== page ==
It was announced late Friday that shares of Goodyear Tire and Rubber Co had jumped considerably after chief financial officer Darren R Wells expressed confidence in the group that it would be able to stay ahead of ever-rising raw material costs – but how, you ask? Apparently Goodyear, being spoken about again by its chief financial officer Darren R Wells at the J.P. Morgan Auto conference in Detroit, is staying ahead of the curve with “a strategy of pricing and a focus on selling higher end tires.” Meanwhile the price of milk remains stagnant.
Goodyear is an Akron, Ohio maker of tires, a place and a business where sensitivity to the cost of raw materials is key. In particular the cost of rubber and steel affects the way Goodyear does business 24 hours a day, 7 days a week. Goodyear has recently passed on costs to customers through both tire price increases and a push for the purchase of higher-end tires. This strategy they say has been the reason why the company has been able to report that it has successfully offset a recent increase of $428 million USD in the cost of raw materials.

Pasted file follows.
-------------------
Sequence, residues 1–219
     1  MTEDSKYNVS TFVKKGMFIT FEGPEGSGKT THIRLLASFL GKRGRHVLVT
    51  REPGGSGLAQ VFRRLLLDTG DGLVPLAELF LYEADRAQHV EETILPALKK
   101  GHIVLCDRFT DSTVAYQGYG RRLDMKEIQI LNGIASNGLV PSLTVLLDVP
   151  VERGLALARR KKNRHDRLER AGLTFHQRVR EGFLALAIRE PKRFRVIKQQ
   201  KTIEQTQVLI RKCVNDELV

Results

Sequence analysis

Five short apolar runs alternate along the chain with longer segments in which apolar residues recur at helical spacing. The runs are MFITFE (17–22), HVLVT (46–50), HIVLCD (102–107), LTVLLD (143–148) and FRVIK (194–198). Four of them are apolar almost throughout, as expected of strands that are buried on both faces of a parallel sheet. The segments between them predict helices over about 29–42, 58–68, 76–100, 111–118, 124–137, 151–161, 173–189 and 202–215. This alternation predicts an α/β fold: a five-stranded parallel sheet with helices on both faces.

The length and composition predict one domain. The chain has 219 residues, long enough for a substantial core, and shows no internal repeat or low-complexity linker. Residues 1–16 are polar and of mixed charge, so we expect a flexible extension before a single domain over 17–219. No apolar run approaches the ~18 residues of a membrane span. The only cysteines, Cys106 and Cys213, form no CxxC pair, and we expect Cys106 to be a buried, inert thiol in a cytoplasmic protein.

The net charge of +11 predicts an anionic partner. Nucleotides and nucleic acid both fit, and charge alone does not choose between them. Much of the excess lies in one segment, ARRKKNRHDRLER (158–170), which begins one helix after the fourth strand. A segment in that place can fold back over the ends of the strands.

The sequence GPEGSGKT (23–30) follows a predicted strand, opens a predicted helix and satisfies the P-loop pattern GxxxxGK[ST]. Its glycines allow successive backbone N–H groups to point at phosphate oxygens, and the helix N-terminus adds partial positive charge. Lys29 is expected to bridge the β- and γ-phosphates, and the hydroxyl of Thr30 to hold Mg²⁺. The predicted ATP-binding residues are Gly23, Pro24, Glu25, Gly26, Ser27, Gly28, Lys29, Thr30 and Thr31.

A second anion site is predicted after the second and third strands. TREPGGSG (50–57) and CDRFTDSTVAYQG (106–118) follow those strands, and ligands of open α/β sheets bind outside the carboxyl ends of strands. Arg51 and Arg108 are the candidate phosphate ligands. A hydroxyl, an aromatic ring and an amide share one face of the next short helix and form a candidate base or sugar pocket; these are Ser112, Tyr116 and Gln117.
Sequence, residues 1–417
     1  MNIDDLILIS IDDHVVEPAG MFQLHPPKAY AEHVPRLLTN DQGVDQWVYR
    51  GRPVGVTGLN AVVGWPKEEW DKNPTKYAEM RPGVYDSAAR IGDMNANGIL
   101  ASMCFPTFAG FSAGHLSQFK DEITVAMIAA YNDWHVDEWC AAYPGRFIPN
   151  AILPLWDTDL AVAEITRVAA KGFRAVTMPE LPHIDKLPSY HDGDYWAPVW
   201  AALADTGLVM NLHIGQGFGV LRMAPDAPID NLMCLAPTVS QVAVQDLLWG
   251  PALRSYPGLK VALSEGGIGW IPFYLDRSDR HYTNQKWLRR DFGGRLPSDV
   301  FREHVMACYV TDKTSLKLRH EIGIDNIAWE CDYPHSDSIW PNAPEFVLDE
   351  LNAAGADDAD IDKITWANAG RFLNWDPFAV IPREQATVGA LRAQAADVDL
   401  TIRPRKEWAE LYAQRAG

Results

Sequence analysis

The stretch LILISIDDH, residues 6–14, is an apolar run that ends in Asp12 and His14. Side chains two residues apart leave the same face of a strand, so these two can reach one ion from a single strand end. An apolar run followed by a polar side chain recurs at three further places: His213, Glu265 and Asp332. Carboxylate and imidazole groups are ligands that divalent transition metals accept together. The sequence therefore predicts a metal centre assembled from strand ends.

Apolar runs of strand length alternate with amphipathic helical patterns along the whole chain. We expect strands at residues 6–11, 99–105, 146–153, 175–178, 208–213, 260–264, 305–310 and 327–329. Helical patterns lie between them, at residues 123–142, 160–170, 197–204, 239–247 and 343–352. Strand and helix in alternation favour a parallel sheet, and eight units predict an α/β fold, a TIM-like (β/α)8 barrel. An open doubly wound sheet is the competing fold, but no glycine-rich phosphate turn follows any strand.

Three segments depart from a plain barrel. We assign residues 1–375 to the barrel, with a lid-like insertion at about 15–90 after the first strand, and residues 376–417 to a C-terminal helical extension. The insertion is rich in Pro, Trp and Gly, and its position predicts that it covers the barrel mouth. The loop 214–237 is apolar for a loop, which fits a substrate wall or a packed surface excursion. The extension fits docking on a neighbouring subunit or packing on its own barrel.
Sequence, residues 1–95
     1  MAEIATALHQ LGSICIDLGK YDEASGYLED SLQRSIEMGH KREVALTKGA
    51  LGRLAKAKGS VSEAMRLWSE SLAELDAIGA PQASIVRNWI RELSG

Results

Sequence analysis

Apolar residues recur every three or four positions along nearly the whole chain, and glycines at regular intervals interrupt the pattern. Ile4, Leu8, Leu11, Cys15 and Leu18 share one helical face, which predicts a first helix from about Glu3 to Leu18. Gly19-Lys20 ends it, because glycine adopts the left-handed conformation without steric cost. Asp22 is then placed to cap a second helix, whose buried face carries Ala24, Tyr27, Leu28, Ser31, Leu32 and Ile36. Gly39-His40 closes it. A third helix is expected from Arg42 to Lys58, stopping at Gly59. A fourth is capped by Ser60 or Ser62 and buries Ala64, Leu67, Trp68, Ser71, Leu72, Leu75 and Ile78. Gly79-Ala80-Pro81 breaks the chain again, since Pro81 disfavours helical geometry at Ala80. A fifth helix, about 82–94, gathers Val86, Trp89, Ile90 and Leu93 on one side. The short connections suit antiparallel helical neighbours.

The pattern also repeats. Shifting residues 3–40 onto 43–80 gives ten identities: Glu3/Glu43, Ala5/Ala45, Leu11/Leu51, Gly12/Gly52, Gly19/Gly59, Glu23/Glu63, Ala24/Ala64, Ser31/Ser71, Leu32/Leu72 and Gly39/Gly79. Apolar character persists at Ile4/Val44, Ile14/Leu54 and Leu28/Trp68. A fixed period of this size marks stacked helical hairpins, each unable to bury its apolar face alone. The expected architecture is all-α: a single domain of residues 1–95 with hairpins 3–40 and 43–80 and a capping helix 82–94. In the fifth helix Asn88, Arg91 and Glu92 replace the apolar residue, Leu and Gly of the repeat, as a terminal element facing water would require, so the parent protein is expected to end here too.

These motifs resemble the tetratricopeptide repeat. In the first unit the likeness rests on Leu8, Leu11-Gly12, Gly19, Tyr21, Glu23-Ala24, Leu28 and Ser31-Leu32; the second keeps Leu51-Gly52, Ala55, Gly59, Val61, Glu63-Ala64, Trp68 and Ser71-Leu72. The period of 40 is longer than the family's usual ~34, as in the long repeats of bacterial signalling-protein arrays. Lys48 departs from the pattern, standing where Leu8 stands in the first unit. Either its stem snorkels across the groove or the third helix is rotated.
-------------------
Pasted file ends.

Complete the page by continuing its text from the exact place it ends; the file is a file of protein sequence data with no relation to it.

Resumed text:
The mix of prices and pushes for higher end tires has brought the tire group’s operating income up by $554 in the second quarter of 2011. Wells continued his talk in Detroit by noting that raw materials were reaching $600 million in the third quarter of 2011 but that the company is confident after seeing July results that they’d have no trouble overcoming the cost once more:
“I can tell you, in July, we continued to have good performance in price/mix. And in fact now, I think we’re feeling very good, I think we feel confident that for the third quarter, we’ll be able to fully offset raw material cost increases with price/mix.” – Wells
Goodyear shares year-to-date are up 14.7 percent while shares yesterday rose $1.22, or nearly 10 percent to $13.78. How about that? Do you own any Goodyear stock? Do you wish you did? What do you think about raw materials?